Sample FAQs

Q: I act for a young couple in the purchase of a small local business. Part of the funding is coming from their respective parents with the remainder provided by a high street lender.
What anti-money laundering considerations would I need to consider to comply with the Money Laundering Regulations 2017 (the Regulations)?

A: In addition to undertaking the usual customer due diligence (CDD) on the couple, you should consider undertaking similar checks on the parents as well as making enquiries about the source of funds coming from the parents.

The first question you should ask your clients is why are the parents providing such funding? It is important to document the answer given on your file.

You should also ask on what basis the parents are providing such funding - is it a loan or a gift? Consider writing to the parents to advise them of the need to take independent financial and/or legal advice. In addition, if you are also acting for the lender, check that the funding arrangement has been communicated to the lender.

In terms of compliance with the Regulations, consider Regulation 8 which imposes the obligation to scrutinise transactions, where necessary, including source of funds. Therefore, depending on the level of risk involved, you may deem it necessary to seek evidence of source of funds from the parents starting with CDD material and/or bank statements.

Ultimately, the onus is on you to demonstrate on your file that you have taken steps to understand the nature of the instructions and the profile of the funders in order to determine whether or not such funding is consistent with the particular retainer.

If you undertake these initial steps at the outset, it should enable you to be alert to any warning signs that may arise during the retainer such as a change in instructions. It will also enable the clients to begin collating relevant information regarding the funding to assist in expediting their transaction.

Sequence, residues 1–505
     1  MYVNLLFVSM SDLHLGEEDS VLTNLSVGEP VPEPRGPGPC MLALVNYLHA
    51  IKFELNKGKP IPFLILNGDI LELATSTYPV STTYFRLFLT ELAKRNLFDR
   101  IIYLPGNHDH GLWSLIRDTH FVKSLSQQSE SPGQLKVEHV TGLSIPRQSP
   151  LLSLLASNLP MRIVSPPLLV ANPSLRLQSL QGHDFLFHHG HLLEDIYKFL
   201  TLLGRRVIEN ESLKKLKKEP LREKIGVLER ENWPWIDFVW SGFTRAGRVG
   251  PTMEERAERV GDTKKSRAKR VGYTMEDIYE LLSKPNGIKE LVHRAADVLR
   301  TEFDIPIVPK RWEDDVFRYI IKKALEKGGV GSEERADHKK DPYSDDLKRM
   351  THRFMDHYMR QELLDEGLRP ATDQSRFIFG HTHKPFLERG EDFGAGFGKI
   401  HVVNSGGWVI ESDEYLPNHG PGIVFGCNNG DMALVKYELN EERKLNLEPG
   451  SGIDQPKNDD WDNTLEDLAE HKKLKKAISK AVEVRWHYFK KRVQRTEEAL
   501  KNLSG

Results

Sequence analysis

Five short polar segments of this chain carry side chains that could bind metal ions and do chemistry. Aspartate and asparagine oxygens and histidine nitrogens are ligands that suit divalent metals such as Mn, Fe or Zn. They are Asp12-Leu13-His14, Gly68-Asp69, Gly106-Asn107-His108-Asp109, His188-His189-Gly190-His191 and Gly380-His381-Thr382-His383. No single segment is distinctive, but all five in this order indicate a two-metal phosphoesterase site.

For further information, please see our anti-money laundering guidance for the legal sector.

Q: I am my firm's money laundering reporting officer (MLRO). I recently submitted a suspicious activity report (SAR) to the National Crime Agency (NCA) on a conveyancing transaction. Consent was eventually given to us for the transaction to proceed but before we heard back from the NCA the date for completion had passed.
My firm has now been served with a claim in which the client is claiming damages arising from the delay in completion. I have reported the matter to the firm's professional indemnity insurers. Is there any statutory protection that we can rely on in these circumstances?

A: You may be able to rely upon the provisions of s37 of the Serious Crime Act 2015 (the Act) which came into force on 1 June 2015. This section provides the reporting person or business with statutory protection against civil liability arising from the submission of a SAR provided the report is made in good faith. The Act amended s338 of the Proceeds of Crime Act 2002 by inserting a new subsection 4A, which provides:

'Where an authorised disclosure is made in good faith, no civil liability arises in respect of the disclosure on the part of the person by or on whose behalf it is made.'

For further information, please see the Home Office Circular.

Q: I am acting for the two lay trustees of a trust. One of the beneficiaries is unhappy with the way in which the trust is being administered and has asked me for a copy of my firm’s complaints procedure. The beneficiary is not a client of the firm – the trustees are, so must I comply with his request?

Yes. You should inform your clients about the request from the beneficiary for your complaints procedure and explain that you will have to supply this.

If you decline to supply it, the beneficiary could complain to the Legal Ombudsman whose Scheme Rules at paragraph 2.8(c) state that the Ombudsman will look into complaints which relate to the service which a firm provides to a trustee where the complainant is a beneficiary of that trust.

For further information, please see the Legal Ombudsman's Scheme Rules and our practice note on handling complaints.

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